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Jack-in-the-Pulpit (Arisaema triphyllum)

Jack-in-the-Pulpit Jack-in-the-Pulpit, a late spring wildflower, is found throughout the Eastern U.S. Numerous examples can be seen in the Arboretums wildflower garden next to the Visitors Center in April and May. Its unusual inflorescence is enclosed by a purple- to green-striped sheathing bract (the pulpit) called a spath. The inflorescence (the Jack) is called a spadix and consists of a fleshy axis covered with tiny flowers.

Jack-in-the-Pulpit has been used for medicinal purposes. Although parts of the plant are considered edible, they contain calcium oxylate crystals which when eaten raw can cause irritation or serious breathing problems.

Jack-in-the-Pulpit Leaves The compound basal leaves have 3 leaflets that superficially resemble poison ivy.

Jack-in-the-Pulpit has been used for medicinal purposes. Although parts of the plant are considered edible, they contain calcium oxylate crystals which when eaten raw can cause irritation or serious breathing problems.

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Japanese Honeysuckle (Lonicera japonica)

Japanese Honeysuckle Japanese Honeysuckle

Japanese Honeysuckle is an exotic, invasive vine that is found along forest edges, fence rows, and in forest canopies. In May its very fragrant, white tubular flowers, which turn yellow with age, are borne in pairs at the leaf nodes. A long tube inside the corolla is filled with a honey-like nectar. Children enjoy removing the white blossom and sucking out the few drops of sweetness from the long inner tube thus the common name Honeysuckle.

A native of Japan and China, this vine can climb more than 30 ft and spread over a trees canopy to the point of shading it out and killing the tree. Its runners can also twist tightly around the stems of smaller plants and essentially strangle them by cutting off their supply of water through the xylem cells. Japanese Honeysuckle was introduced to the U.S. in the 1860s and has spread throughout much of the country.


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Japanese Larch (Larix kaempferi)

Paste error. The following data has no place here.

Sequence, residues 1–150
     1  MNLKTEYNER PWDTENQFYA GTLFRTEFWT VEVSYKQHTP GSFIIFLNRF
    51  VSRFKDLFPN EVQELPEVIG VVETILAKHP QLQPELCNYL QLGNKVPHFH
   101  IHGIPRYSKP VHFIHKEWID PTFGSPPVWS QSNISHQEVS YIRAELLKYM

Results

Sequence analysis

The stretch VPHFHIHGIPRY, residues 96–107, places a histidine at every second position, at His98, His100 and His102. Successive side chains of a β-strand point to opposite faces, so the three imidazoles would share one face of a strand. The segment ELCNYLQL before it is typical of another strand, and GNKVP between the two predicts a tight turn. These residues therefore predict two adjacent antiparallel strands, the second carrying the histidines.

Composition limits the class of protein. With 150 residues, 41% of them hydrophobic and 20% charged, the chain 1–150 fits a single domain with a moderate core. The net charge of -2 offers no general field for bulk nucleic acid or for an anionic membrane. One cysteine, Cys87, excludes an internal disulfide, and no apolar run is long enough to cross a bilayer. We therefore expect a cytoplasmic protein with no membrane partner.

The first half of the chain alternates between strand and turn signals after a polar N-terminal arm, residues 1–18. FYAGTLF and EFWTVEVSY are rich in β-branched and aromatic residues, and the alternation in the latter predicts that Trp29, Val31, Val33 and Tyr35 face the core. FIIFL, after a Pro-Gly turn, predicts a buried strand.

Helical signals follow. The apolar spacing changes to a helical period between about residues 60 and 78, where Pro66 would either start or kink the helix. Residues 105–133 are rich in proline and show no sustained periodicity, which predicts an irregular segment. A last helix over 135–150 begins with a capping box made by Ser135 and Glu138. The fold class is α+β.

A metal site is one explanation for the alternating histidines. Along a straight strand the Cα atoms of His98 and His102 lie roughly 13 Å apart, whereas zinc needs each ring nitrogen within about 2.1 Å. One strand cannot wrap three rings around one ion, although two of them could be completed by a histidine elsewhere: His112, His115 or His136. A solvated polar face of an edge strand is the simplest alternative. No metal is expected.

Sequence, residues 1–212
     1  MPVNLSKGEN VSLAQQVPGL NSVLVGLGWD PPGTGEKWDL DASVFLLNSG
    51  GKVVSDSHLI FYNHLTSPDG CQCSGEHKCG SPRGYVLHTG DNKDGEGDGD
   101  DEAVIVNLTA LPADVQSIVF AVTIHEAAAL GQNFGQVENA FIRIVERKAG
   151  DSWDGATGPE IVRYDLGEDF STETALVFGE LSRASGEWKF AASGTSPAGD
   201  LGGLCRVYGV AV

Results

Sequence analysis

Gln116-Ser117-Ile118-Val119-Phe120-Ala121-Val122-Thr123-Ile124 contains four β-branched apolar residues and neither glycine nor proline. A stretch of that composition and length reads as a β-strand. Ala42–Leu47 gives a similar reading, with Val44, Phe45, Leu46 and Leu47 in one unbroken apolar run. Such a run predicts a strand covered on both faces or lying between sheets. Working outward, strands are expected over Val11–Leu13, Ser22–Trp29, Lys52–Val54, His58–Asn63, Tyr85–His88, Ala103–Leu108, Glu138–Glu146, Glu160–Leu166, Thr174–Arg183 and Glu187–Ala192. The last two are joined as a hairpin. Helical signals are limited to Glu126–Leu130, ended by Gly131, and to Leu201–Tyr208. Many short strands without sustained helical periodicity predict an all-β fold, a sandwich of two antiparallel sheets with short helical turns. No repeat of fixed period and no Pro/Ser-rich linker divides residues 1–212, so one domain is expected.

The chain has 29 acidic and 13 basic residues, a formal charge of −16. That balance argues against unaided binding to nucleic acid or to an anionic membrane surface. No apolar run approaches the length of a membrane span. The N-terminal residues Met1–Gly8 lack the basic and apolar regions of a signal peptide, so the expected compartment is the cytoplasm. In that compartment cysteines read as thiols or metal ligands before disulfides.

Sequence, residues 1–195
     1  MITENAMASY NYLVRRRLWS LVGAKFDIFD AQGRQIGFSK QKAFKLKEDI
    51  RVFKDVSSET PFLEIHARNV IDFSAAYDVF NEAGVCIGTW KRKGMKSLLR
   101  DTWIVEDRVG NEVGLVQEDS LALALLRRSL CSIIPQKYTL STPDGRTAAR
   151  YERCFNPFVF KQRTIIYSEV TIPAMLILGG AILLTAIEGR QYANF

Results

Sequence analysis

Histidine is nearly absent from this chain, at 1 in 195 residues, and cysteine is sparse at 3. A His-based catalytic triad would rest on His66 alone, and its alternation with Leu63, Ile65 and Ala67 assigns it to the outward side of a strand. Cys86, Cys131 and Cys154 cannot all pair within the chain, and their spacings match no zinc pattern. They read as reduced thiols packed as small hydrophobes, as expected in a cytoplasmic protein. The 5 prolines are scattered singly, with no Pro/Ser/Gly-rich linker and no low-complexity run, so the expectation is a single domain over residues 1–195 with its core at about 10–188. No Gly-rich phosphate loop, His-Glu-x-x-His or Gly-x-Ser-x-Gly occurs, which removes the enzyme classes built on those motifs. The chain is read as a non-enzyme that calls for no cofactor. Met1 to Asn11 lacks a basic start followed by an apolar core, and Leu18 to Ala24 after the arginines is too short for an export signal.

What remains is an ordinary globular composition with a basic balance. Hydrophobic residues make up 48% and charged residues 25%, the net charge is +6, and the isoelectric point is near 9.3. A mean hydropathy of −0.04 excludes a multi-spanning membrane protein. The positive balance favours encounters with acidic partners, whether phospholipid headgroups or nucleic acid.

Japanese Larch As you walk through the Arboretum's Marsh Area in late October/early November, you may notice a tall conifer with leaves changing from green to bright yellow. This Japanese Larch is native to central and northern Japan. It is planted in Japan and northern Europe (including the British Isles) where its decay resistant wood is used for construction and fences. It is also the most popular of the larches for use in Bonsai. Japanese Larch can grow to more than 100 feet in height with spreading branches that give it a cone-shaped appearance.

Japanese Larch Needles First-year shoots bear single leaves (needles), while older branches bear clusters of needles (up to 60 per cluster) on short shoots. Japanese Larch is one of several deciduous conifers at the Arboretum - others include Dawn Redwood (Metasequoisa glyptostrboides), Bald Cypress (Taxodium disticum), and Pond Cypress (Taxodium ascendens). Typically larches are trees of mountains or high latitudes. Three species of larch are native to North America: Tamarack (Larix laricina) is a component of boreal forests and peatlands in Canada and the northern U.S., extending south into Ohio, Pennsylvania, and West Virginia; Western Larch (L. occidentalis) occurs in the Northwestern U.S. and adjacent Canada; and Subalpine Larch (L. lyalli) grows at or near timberline in the mountains of the Pacific Northwest.

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Red Leaf Japanese Maple (Acer plamatum 'Atropurpureum')

Japanese Maple Japanese Maples are one of the most popular landscape trees available. They are native to Japan, China, Korea, and southeast Russia where they have been cultivated for hundreds of years. A wide assortment of cultivars has been developed, exhibiting many variations in color, leaf size and shape, and overall growth form. An excellent specimen tree of Red Leaf Japanese Maple, planted in 1973, can be seen at the edge of the Arboretum's Shade Tree Collection near the top of the Tulip Poplar Trail and the Flowering Dogwood Research Collection.

Japanese Maple Flowers Japanese Maple Fall Leaf Japanese Maple Fruit

This tree is particularly striking in the late summer and fall with its red to purple foliage. Red Leaf Japanese Maple grows to heights of 20-25 ft and usually exhibits a semi-hemispheric growth form. The palmately divided leaves have 5-7 deeply cut lobes with serrate leaf margins. The bright green leaves that emerge in early April, turn to reddish/purplish hues by early fall. The small, red flowers, which appear in the spring along with the emerging leaves, are borne in stalked umbels. A distinctive feature of this cultivar is that the wings of the paired fruits (samaras) diverge at an obtuse angle. Japanese Maple wood has been used for decorative veneer/plywood, furniture components, and cabinetry.